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Cover of the 1915 Standard Color Card issued by the Textile Color Card Association of the U.S., inc.

Monkey Skin, Elephant’s Breath, and Kitten’s Ear: History of Color Naming

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There is scarcely any subject that has so many practical and scientific aspects as the subject of color (Henry LeFavour, Elementary Color, 1895:p1)

There are many ways to study color*. We can trace the history of color pigments, the development of color chemistry, the effect of color on our psyche, and the perception of color. We can also trace how we have come to name (nomenclature) and standardize colors.

Reds, oranges, and pinks from R. Ridgway's Nomenclature of colors for naturalists,
Reds, oranges, and pinks from R. Ridgway’s Nomenclature of colors for naturalists, plate VII, 1886.

The language of color often derives its names from aspects of nature, flora/fauna, geology (e.g., minerals), geography, food, and uses fanciful descriptions such as mother goose or rendezvous. No doubt, color naming can be descriptive of the color, but it also plays on our emotions – it seems fair to say that we would be more likely to buy something sold as pink champagne rather than beige.

Milton Bradley, who is best known as a board game manufacturer, was a strong supporter for the study of color and standardization. He developed a system of color instruction for early childhood education which he published in his books Color in the School-Room: A Manual for Teachers (1890), Color in the Kindergarten (1893), Elementary Color (1895), Color Primer (1897) and Water Colors in the Schoolroom (1900).

photograph portrait of Robert Ridgway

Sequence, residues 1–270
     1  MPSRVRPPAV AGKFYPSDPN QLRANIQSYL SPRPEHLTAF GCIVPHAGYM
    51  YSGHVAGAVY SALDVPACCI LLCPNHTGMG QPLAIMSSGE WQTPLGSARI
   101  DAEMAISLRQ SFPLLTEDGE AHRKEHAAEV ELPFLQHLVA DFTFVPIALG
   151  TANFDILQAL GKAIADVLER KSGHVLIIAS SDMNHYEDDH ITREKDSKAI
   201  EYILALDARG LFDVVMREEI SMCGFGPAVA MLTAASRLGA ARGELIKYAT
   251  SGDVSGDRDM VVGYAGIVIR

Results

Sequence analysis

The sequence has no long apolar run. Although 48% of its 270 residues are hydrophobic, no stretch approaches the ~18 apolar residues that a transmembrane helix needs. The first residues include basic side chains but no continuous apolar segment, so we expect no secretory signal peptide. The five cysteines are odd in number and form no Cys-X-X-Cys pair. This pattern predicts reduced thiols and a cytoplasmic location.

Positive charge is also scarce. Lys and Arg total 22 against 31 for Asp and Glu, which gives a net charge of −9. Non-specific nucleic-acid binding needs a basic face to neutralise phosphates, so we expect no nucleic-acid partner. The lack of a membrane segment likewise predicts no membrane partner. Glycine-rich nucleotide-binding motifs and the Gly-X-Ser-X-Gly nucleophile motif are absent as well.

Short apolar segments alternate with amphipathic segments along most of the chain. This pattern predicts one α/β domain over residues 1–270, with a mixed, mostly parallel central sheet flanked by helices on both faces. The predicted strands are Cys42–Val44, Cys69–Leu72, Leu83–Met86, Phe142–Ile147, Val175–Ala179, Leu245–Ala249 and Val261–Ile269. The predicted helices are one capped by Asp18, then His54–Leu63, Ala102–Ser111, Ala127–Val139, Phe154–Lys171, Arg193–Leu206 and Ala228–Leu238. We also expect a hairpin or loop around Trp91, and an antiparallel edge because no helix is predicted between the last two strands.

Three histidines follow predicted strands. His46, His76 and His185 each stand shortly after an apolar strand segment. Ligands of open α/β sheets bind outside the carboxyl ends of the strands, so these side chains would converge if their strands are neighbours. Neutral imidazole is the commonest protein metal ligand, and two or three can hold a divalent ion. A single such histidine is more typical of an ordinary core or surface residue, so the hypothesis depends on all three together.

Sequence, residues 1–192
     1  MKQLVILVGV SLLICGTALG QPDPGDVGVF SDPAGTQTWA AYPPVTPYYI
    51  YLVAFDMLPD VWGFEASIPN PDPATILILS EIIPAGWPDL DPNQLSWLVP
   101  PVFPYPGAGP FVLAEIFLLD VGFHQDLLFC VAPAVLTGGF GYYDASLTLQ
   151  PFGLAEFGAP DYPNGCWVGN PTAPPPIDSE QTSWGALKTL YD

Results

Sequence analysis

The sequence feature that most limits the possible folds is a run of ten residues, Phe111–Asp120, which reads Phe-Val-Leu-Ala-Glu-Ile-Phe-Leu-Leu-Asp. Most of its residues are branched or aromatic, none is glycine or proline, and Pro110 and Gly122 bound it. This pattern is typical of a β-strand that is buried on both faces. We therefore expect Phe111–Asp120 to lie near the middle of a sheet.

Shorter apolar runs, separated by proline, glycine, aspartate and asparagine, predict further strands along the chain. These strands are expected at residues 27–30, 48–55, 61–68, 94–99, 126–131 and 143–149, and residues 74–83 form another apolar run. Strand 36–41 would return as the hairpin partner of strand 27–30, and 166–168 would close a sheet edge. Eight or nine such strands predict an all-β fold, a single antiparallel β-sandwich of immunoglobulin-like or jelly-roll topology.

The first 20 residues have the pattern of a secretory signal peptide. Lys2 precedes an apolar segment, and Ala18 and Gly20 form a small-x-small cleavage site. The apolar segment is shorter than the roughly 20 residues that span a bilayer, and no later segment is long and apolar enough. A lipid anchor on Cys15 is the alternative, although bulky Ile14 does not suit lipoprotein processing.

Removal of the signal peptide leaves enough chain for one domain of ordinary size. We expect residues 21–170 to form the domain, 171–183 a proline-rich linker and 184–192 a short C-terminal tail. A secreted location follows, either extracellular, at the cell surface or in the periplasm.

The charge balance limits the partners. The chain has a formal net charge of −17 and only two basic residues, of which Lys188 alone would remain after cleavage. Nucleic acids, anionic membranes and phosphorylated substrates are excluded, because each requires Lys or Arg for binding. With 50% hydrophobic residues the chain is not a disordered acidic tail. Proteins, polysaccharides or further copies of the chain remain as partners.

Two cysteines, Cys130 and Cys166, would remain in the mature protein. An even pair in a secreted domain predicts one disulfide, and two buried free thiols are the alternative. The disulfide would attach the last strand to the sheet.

Robert Ridgway, 1873. Record Unit 95 – Photograph Collections, 1850s- , Smithsonian Institution Archives. Neg. no. SIA2008-4347.

Bradley was not alone in his campaign to increase awareness for the study and categorization of color. Robert Ridgway, Smithsonian’s Curator of the Division of Birds from 1869-1929, was also interested in the standardization and naming of colors. As a scientist (and artist) he needed a way to properly illustrate, write and speak about the variety of colors observed in nature. He was an avid student of color science (he read Bradley’s Elementary Color, 1895) and carefully arranged and provided names to 1,115 colors in his book Color Standards and Color Nomenclature (1912). Ridgway also published Nomenclature of Colors for Naturalists in 1886, which included 186 named colors.

Industry was also concerned with color standards and naming since they needed a way to communicate with each other when placing orders, etc. Businesses and manufacturers needed to employ a ‘universal’ vocabulary for colors so when they wanted a product to have the color of eggplant they didn’t just get purple. Color naming also became a vital component for marketing and sales.

Various shades of purple colored ribbons from the Standard Color Catalog
Various shades of purple colored ribbons from the Standard Color Catalog, 1915.

Researchers wanting to trace the nomenclature, naming practices of colors and the use of color standards in fashion during the early 20th century will find the Textile Color Card Association (TCCA) color cards of great interest. The TCCA set up color standardization in the United States for the textile and allied industries (e.g., shoes, hosiery, and leather), publishing the first edition of its Standard Color Card of America in 1915 that consisted of 106 colored ribbons. By the eighth edition (1928) there were 192 staple colors. The TCCA also introduced season color cards for the fall and spring which mainly focused on novelty colors (e.g., Ether and Zenith), as well as popular colors. The TCCA also published fall season woolen color cards.  Thumbing through the 1921 fall season color card, I discovered two novelty colors whose names seem very apropos for the times- Wireless and Radio. Makes sense right?  This is the time when radios were in every U.S. household.